British media reports that British merchants and people are hoarding food to cope with the threat of rising prices or food shortages in Britain after a no-deal Brexit.
At present, both Britain and Europe say that the possibility of reaching an agreement has become less and less.
According to the British media Walesonline, John Allan, chairman of Tesco, warned on Wednesday (9th) that the supermarket was hoarding non-fresh food to cope with the emergence of “worst-case scenario”.
Allen warned earlier that leaving the EU without a trade agreement may mean that the shelves of domestic supermarkets in the UK are empty and the price of goods will rise. Allen also said that if the UK leaves the EU without a trade agreement, goods coming in from the EU will be subject to tariffs, which may be considerable in some foods.
Allen said this when Johnson and the European Union were accusing each other of “unacceptable” of their terms, which caused concern about the collapse of the Anglo-European trade negotiations.
Johnson and European Commission President von der Leyen said on the 11th that Britain is likely to complete the Brexit process without a trade agreement within three weeks. Both Britain and Europe have previously expressed their hope to reach an arrangement to cover the annual trade volume of nearly $1 trillion.
As a consequence, hundreds of trucks have accumulated on the French coast of the English Channel, and drivers have to wait hours to board the ferry or freight train through the European tunnel.
The transportation system connecting France and Britain cannot cope with such a large number of freight. The French National Road Transport Federation explained the rush to buy across the Strait: “The British are hoarding their stockpiles, anticipating the difficulties of Brexit.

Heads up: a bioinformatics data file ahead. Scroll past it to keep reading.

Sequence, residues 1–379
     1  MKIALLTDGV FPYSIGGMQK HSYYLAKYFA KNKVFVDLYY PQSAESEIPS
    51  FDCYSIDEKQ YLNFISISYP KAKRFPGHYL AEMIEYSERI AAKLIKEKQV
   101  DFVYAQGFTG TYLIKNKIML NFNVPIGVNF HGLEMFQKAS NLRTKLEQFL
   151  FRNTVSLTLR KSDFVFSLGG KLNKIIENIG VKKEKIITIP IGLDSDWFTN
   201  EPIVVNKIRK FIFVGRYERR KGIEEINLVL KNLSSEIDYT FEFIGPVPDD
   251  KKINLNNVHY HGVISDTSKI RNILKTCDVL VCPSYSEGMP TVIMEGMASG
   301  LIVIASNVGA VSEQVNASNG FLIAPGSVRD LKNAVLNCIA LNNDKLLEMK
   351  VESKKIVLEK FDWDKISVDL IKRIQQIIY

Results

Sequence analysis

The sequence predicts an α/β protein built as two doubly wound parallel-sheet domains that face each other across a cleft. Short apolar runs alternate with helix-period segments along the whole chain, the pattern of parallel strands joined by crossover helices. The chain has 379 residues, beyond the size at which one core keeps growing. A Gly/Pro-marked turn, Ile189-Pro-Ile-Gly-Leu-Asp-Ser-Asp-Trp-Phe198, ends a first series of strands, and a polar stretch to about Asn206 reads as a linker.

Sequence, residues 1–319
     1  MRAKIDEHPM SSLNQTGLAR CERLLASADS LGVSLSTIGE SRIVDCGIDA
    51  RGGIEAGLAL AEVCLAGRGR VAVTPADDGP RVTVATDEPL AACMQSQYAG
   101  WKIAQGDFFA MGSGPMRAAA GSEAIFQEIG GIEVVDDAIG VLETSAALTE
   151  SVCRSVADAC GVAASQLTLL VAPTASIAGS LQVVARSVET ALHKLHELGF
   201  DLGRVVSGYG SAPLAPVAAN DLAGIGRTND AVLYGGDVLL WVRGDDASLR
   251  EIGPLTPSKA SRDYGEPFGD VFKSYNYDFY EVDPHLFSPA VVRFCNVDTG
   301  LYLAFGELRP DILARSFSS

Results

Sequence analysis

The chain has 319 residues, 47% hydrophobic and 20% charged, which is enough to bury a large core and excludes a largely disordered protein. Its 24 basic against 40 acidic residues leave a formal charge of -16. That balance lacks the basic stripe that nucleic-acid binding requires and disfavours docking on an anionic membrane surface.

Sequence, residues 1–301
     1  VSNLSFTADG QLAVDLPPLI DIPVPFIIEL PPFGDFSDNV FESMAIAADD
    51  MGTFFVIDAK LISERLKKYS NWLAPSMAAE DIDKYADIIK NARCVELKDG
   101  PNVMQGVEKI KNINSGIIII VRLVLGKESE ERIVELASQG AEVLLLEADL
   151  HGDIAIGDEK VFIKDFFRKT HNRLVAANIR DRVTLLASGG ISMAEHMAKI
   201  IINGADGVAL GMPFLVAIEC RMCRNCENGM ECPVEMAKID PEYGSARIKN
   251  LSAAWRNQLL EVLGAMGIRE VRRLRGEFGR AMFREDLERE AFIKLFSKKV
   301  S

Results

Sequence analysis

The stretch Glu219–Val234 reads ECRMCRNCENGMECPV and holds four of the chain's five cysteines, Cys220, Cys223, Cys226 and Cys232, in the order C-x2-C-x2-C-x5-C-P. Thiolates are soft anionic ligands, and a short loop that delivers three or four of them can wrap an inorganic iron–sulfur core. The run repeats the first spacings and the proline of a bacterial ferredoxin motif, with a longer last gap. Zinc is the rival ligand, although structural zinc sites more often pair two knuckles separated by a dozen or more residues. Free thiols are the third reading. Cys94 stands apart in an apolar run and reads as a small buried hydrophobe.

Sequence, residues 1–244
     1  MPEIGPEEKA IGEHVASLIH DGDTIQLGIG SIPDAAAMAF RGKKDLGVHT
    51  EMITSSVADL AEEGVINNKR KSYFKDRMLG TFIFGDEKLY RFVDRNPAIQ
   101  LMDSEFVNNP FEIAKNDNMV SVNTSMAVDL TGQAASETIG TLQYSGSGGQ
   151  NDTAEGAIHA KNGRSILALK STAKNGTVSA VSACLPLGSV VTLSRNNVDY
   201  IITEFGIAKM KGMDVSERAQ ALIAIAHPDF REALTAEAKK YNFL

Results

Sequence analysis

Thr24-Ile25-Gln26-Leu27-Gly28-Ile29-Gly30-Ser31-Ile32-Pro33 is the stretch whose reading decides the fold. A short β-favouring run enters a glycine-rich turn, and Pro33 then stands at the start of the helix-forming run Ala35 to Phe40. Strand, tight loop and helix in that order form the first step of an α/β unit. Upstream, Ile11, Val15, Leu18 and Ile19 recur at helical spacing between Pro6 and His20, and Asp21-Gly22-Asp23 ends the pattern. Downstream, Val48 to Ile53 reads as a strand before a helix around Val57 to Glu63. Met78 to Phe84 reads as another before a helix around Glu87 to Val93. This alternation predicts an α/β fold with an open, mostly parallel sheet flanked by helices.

The problem lies in the administrative procedures at the border, including customs declarations and possible customs duties. So in the past three weeks, you can see the traffic to the UK increasing.”
It is reported that if there is no trade agreement, the UK will implement new tariff rules after formal Brexit. This rule may impose quotas and tariffs, which may raise the prices of food, medicines and other imports from EU countries.
Supermarkets and their shoppers will face a food and beverage tariff bill of £3.1 billion a year. Starting from the beginning of 2021, the average British family will also pay an additional 4% for the purchase of fruits and vegetables.
A survey by the British Convenience Stores Association shows that the biggest concern of retailers about the impact is the potential impact on prices. About 41% of retailers surveyed said they were most worried that the price of products would soar when the UK left the EU next month.